The Cubli: A Cube that can Jump and Self-balance
Sometimes engineers are full of useful, innovative ideas- and sometimes they can just be rather imaginative. Hence Cubli, the not so useful, but certainly innovative robotic cube designed to simply balance on a single point.
The robot was designed by a team of engineers at ETH in Zürich, Switzerland. The university has also been responsible for creating a wide range of dynamic systems including juggling machines and a unique drone that uses electric jets for propulsion. The name is derived from the Swiss word for 'cube'- hence the name 'Cubli'.
[Image Source: ETH]
Cubli is a 15×15×15 cm cube designed with the sole purpose to balance on a corner. The robot uses a unique 3-D inverted pendulum system that enables the robot to jump and balance. The system functions by rotating wheels at high speed to create angular momentum, forcing the cube up on an edge. The reaction wheels are mounted on three of the faces on the cube. Changing the velocities allows the cube to be rotated and tilted in any direction, with the added possibility to make it jump. Spinning the reaction wheels and forcing them to stop instantaneously creates a moment of inertia directed upwards and forces the cube to jump up without assistance.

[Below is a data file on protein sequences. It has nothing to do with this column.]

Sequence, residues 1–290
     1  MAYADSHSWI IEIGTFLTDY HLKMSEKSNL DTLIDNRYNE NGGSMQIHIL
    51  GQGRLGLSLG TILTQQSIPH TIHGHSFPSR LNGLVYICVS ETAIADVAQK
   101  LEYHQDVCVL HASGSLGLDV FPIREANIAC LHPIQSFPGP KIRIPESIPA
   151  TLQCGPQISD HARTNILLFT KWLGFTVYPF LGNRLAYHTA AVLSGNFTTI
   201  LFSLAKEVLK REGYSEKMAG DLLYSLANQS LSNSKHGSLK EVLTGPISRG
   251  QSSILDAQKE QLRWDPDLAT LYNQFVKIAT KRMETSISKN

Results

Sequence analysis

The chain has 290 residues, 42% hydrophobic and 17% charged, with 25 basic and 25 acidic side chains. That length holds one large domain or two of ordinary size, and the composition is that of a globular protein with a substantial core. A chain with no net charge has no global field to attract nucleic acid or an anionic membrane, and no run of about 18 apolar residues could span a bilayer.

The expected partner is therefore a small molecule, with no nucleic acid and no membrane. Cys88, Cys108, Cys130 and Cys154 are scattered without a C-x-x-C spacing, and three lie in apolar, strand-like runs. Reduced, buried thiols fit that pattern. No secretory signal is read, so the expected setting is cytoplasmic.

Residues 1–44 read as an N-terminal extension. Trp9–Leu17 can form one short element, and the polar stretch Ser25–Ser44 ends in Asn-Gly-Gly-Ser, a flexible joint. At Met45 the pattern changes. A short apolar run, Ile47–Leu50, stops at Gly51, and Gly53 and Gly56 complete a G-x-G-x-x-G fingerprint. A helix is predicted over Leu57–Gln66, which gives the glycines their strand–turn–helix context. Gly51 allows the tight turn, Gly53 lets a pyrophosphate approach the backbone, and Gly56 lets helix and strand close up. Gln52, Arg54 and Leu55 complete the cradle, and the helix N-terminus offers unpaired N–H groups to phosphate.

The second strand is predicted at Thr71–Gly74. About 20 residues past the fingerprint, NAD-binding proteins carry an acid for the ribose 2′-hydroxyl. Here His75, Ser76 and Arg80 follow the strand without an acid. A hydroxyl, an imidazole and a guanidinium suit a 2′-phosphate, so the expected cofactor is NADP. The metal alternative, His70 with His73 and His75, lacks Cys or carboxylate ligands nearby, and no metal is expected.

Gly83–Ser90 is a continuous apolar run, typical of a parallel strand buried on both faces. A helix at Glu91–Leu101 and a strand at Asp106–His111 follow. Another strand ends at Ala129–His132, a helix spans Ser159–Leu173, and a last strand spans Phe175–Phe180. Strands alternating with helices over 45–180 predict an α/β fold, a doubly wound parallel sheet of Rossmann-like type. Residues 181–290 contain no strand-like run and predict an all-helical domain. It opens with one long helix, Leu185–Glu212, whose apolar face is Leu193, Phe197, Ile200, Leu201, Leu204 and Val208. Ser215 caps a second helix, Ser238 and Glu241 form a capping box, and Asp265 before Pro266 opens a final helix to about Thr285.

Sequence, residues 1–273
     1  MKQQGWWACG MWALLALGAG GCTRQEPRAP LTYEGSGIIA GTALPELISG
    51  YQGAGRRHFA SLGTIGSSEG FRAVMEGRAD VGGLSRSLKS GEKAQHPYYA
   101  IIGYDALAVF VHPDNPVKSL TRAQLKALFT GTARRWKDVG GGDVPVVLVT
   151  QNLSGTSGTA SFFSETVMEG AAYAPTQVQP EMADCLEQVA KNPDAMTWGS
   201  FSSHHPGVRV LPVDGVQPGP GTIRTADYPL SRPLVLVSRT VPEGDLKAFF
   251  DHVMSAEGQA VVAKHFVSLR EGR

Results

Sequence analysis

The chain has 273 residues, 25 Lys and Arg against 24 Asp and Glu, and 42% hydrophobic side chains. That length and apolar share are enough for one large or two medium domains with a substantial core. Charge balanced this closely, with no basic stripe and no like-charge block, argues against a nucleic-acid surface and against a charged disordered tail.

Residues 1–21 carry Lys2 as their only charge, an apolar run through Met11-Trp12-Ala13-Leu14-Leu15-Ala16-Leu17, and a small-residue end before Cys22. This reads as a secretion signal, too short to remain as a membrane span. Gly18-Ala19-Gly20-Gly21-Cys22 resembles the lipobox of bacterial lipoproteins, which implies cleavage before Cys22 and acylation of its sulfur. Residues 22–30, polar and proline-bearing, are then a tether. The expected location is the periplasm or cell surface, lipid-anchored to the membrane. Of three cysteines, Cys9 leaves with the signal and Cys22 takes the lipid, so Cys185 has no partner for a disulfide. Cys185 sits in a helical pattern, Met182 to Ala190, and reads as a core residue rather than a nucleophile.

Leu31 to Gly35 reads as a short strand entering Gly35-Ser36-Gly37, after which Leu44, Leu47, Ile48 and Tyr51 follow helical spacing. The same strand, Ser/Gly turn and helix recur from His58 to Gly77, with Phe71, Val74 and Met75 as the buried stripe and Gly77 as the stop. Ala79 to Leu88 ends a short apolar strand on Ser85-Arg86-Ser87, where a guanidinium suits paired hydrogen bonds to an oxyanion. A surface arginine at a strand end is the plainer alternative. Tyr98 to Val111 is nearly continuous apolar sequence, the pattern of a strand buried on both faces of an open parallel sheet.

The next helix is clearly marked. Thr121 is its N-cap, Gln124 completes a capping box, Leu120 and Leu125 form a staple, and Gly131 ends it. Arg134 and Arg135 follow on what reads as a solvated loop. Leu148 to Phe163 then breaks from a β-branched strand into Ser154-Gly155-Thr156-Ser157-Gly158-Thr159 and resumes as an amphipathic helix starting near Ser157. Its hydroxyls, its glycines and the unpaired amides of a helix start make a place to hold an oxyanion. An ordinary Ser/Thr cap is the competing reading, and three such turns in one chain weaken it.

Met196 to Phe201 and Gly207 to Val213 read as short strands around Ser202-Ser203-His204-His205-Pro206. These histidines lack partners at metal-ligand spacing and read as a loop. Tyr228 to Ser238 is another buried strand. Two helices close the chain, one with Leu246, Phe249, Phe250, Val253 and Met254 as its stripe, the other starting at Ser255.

Using the combined abilities of jumping and altering direction, the Cubli is able to 'walk'. The project began as a one-dimensional prototype that only had two directions it could move- jumping up and falling sideways. However, the experimental version proved useful and was extended into three-space, bring Cubli to where it is today. Now, the cube has a whole range of features that enable it to perform some peculiar tasks. When pushed, the cube can even resist the motion and by using an intelligent algorithm, it can correct the movement and continue to stand.
Although the cube does not have any practical applications as is, perhaps the technology that went into the design could help further develop ongoing humanoid robotic developments. Dynamic balancing is one of the most complicated challenges of dynamic movement. However, everyday engineers improve upon designs, enabling robots to walk on uneven surfaces, and cubes to balance on a corner. We can only imagine what the next innovation will be, but it certainly will be fascinating.